TL;DR: Does music theory have a name for all possible chord functions for every key chord combination possible (beyond the 7 diatonic functions, including those that seemingly make no sense)? If not how else would you classify chords (root + quality doesn't seem quite sufficient to me but if you think it's the best way to go let me know)


So a few month ago I started working on this side-porject aiming to create a simple ear training tool that was really unique in that 99% of other tools that I found online used interval recognition or absolute pitch, while what I was looking for was a more "functional" method (if there is a more correct term please let me know) that requires you to identify the scale degree of the note rather than its distance from the previous one.

I preferred this method because it felt like the most natural to me (just my subjective opinion), and I made a lot of progress using it. And now I'm looking to add chord recognition to my app. However there's just one tiny problem: I'm not sure how to classify all chords (functionally - by their role in the key). With the 12 chromatic tones it was easy: it was either a tonic, supertonic, mediant... or easier yet: I, II, III... As for the offscale tones, I'd just add a b or # to the roman numeral.

With chords however, things get tricky when we want to classify all the chords with regard to a given key. The 7 diatonic chords, can simply classified by their root tone degree, but what about chords that don't quite fit into the scale? They could be anything (from a functional perspective), as secondary dominant from a related key, a minor chord played major just to tease the listener...

So in general there are 12 tones x 2 qualities (at least major or minor to keep things simple) that need some sort of function (at least one per chord) assigned to them that the user could rely on to answer.

While I know my fair share of theory, I am by no means an advanced musician in that regard. Does music theory have a name or explanation for every chord function possible in a given context? If not, I'm sure all of us tend to interpret an A major (or F minor or Bb minor...) played in a C major context the same way even if it's not a very common thing we hear in music.

Links (If you're interested):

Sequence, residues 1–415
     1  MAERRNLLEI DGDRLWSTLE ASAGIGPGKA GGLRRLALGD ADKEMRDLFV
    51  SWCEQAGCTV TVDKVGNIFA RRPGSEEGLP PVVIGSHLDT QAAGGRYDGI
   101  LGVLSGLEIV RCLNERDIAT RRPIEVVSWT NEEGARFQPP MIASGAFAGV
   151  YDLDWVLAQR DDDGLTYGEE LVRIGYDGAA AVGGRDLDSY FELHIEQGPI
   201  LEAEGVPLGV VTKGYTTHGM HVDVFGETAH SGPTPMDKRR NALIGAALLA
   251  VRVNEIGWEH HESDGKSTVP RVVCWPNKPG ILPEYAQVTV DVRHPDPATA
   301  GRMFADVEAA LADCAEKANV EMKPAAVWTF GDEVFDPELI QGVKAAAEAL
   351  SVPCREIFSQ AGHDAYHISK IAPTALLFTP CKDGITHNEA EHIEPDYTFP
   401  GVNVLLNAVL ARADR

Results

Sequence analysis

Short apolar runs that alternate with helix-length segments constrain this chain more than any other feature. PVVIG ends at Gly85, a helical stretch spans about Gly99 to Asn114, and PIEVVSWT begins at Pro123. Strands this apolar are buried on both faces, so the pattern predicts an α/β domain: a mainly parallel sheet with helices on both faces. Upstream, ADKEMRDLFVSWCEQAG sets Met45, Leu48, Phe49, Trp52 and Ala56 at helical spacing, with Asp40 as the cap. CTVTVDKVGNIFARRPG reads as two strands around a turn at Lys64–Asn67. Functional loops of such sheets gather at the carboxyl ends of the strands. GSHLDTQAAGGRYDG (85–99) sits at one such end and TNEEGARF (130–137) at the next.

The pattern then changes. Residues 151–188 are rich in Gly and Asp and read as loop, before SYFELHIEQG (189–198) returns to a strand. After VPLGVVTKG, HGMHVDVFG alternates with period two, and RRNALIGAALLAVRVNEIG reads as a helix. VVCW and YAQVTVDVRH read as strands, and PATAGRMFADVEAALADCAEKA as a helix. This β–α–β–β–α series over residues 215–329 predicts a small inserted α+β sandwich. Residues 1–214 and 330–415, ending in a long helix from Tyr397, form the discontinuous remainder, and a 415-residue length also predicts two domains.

• the web application I'm working on is FreeEarTrainer.org. feel free to try it out and maybe tell a friend, but it's still not exactly polished. Check out the settings at the bottom. You can answer faster using the keyboard (Z, X, C, V...). Sadly it doesn't work on iPhone's Safari, and I didn't find time to fix it.

  • a similar application is "Functional Ear Trainer" which wasn't available on mobile or web when I first started my project, but now is (on Android at least, their website is miles.be).

UPDATE: hadn't had much time to polish up the tool (will occasionally experience bugs when you change keys, requires you to hit the reset button) nor add chord recognition functionality, but I did wrap it in an android app with the same name "FreeEarTrainer.org" for those who are curious to try. The site is also not compatible with Safari (tested With Firefox and Chrome).

  • Just to make sure I understand your question correctly: wouldn't e.g. "biii" be sufficient to refer to a minor chord on the lowered 3rd scale degree (in a major key)? So in the key of C major, "biii" would refer to Ebm, whereas bIII (capitals) would refer to Eb (major).
    – Matt L.
    Commented Dec 25, 2016 at 16:36
  • Going to four note chords should include 3 lots of 7ths, 6ths and sus.
    – Tim
    Commented Dec 25, 2016 at 18:12
  • @MattL. What I'm looking for here is more about whether music theory has a more precise naming to those non-diatonic chord functions. For the example you gave, is it correct to say that Ebm played in a C maj context a flat minor mediant? because that's what the "b", "m" and "E" symbols stand for. Or does music theory have a more correct name for this function. If there is no standard naming for these non-diatonic functions than I guess your suggestion is quite valid.
    – Anthony
    Commented Dec 25, 2016 at 19:51